Sunday, August 02, 2009

Come Up the Country!

Death appears to surround us.

Sometime early yesterday morning, a white-tailed doe chose our orchard as the site of her Calvary. Betty awoke, looked out her window, and came to report a deceased deer a-next the Asian Pear.

I investigated, in the driving rain. Yep, no question about it. Rigor mortis had set in, the crows were conversing in salivating tones, buzzards were circling overhead, and flies were buzzing, as they will. Something must be done.

I called Animal Control. They were closed (it being Sunday), but their recorded message said to call the Sheriff's Office in case of an emergency. I did not judge this to be exactly an emergency, but called anyway. The man who answered, while kind, was not inclined to jump into his prowler and race over to help. Had the deer died on a public road, he said, the Virginia Department of Transportation would send a crew to remove it, but if on private land, there was not much he could do. We are a couple of hundred yards from a public road. His recommendation was to remove the carcass to some spot remote from the house, and let nature take its course.

I contemplated dragging the thing to the road, abandoning it there, and calling VDOT, but dismissed it as an affront to the neighbors. It might take days for VDOT to respond, and in the meantime, I'd have placed an Extremely Stinky Thing within nose-shot of three other households. No, the only polite thing was to follow the good Sheriff's advice.

We maintain a clearing in the southern quadrant for the kind of yard-waste that can't be composted -- tree-wrack, out-of-date Christmas trees, what have you -- and this is far enough away from the house that (I fervently hope) the stink won't waft here. I got out the tractor-mower, clapped a length of chain to its axle (easier said than done) and the other end to the deer's hind leg, and off we went. The dragging, while undignified for the deceased, was easy enough. She wasn't particularly heavy.

I left her there, with a blessing and a... Can we atheists be said to pray? Whatever it was, I tried to be as respectful as I could under the circumstances. I don't anticipate going back there until her bones are bleached dry.

And the goddamned dogs know their boundaries. Or at least, they'd better. Or there'll be hell to pay.

10 comments:

Yodood said...

You're sooooo civilized

blue girl said...

I love the way you write, Jeddie.

Carl the Big Fool said...

Shouldn't you have called your local hunting-season butcher? Them deer is good eats, you know. Or was it a bit too late for that?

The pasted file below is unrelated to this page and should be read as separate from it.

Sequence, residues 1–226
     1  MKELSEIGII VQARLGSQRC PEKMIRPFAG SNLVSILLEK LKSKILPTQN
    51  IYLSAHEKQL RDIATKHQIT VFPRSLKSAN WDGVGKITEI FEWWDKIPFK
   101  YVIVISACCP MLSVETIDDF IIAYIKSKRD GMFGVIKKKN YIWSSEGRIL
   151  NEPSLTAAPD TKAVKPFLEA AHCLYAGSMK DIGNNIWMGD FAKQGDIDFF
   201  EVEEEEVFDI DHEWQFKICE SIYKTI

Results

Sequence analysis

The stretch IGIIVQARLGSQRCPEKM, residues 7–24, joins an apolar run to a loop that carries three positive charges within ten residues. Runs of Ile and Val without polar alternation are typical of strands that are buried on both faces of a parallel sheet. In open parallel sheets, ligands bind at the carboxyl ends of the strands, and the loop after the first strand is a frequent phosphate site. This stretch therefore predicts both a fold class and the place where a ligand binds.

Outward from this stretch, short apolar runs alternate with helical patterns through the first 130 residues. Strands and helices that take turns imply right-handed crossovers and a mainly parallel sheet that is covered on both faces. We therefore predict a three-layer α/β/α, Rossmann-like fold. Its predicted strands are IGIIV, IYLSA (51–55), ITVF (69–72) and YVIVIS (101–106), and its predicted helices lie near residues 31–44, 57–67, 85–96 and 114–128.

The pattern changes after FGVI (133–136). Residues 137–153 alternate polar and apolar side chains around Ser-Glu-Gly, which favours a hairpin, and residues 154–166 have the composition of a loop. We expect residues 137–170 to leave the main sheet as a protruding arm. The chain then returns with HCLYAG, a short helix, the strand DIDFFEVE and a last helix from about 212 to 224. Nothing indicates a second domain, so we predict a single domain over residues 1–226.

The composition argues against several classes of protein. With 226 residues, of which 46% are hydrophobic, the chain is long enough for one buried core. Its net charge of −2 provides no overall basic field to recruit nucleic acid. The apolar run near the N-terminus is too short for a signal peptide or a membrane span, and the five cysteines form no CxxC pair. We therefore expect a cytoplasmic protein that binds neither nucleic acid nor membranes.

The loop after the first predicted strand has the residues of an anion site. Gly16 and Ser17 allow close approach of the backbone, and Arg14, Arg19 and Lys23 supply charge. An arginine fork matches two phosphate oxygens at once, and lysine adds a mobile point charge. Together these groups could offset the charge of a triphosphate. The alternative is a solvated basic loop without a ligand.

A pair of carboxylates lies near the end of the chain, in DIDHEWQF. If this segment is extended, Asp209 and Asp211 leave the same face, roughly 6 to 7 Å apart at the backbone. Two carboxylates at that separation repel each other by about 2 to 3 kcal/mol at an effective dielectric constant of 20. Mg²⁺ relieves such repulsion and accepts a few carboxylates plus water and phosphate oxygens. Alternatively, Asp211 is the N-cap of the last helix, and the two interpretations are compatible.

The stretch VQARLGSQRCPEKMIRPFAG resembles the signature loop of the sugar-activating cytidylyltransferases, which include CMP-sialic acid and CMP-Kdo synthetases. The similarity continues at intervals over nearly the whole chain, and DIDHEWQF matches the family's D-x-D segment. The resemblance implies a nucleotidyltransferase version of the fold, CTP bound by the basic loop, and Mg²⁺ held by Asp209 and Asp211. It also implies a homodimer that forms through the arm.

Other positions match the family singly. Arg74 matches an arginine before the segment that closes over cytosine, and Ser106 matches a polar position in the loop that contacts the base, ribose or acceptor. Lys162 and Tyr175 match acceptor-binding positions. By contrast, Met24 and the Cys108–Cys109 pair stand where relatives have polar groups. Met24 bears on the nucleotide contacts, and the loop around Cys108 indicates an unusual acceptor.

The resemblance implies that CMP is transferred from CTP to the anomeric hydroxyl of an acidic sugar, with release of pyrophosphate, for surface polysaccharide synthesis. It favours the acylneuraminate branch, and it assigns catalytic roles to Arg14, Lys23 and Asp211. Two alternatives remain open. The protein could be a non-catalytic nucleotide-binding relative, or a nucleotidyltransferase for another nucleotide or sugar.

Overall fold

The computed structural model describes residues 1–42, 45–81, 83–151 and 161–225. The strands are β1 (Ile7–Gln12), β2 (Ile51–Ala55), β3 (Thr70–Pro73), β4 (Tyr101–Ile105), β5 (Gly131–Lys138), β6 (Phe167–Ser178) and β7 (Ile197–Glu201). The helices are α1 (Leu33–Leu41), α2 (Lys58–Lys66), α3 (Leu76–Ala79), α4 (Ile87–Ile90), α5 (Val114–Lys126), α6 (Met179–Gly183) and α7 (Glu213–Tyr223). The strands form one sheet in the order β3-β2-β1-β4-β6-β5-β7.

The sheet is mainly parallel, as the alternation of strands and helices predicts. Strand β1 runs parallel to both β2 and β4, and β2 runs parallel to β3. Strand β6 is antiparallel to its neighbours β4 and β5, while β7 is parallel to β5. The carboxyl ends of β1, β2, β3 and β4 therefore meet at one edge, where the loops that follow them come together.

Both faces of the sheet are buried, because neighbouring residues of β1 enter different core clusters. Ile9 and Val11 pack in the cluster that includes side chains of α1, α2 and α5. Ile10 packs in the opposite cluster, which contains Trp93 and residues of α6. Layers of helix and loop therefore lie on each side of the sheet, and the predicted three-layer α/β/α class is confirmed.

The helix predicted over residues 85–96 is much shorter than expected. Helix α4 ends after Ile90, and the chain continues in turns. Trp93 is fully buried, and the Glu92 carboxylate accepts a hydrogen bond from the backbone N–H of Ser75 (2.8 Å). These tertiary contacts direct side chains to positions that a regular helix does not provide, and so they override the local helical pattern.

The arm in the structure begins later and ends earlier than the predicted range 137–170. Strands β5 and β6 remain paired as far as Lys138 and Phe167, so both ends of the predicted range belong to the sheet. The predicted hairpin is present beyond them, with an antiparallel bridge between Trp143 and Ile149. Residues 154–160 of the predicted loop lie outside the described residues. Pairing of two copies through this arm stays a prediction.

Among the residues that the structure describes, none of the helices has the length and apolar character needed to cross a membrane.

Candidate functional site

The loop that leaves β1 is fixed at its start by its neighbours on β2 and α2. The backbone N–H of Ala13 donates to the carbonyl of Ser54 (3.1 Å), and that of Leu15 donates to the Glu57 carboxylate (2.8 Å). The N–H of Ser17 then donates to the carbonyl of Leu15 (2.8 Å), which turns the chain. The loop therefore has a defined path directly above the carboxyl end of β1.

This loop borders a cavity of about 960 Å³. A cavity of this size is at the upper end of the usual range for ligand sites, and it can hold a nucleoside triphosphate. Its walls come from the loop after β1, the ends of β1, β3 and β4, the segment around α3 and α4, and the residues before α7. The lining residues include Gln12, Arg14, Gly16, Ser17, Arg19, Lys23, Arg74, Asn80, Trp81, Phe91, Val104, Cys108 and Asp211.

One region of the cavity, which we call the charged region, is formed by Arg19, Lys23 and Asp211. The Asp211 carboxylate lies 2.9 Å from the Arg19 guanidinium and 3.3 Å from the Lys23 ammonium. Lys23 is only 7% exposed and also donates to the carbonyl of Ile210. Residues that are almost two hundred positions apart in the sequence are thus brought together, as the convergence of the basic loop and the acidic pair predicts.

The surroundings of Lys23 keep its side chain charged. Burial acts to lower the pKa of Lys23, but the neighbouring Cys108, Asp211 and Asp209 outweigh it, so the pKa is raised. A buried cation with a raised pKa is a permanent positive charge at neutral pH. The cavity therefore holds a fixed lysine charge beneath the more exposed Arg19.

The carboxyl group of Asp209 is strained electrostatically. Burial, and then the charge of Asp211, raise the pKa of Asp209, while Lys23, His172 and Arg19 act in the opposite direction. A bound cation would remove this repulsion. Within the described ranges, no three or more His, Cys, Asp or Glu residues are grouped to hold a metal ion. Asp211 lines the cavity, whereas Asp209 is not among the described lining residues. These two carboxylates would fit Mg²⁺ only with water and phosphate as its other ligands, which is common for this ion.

Neddie said...

A gracious (not to say civilized) bow in your direction, BG!

No, Carl, I think the instinct not to eat meat that has died of natural causes is still strong in me. (I have no way of knowing how the animal died -- for all I know, it could have been rabies.) Also, from what I understand of deer hunting (which is not much) the animal needs to be field-dressed nearly immediately or hormones make it taste pretty awful.

Anonymous said...

Mmmm....rabies.

You said 'nose-shot'. Heh heh.

mac said...

“And the goddamned dogs know their boundaries. Or at least, they'd better. Or there'll be hell to pay”

Hey Neddie,
My lab loooves the cool side of a good gut-pile. It's the only time she manages to erase the horrid, fabreezy smell from the baths we give her.

windhunde said...

Those leg joints should have loosed up enough by now for the pups to detach and bring a nice present home for dad.

Neddie said...

Back years ago, before we got the invisible fence, I came home one hot summer day to find Ring Ting Ting ecstatically chewing a length of spine she'd picked up somewhere. It was only half-rotted, so must have been delish. "Come on, girl," I said to her, ""Let's go give Mommy a big kiss!

Candlefiregirl said...

Had a similar experience back when living on a small farm in Virginia, before moving up to Snowville. One afternoon, after discovering the doggies gnawing on the bones of some poor demised creature, I went on a search. I found the unfortunate deer in our woods toward the back of the property. It has probably been shot nearby and got away from the hunter and dragged itself to die in peace. Such is life (and death) in the country.

J. Andrew Boyle said...

Lucky. All I found on the last Scrub Jay count were a few vertebrae and a tooth.

T'was deer, though...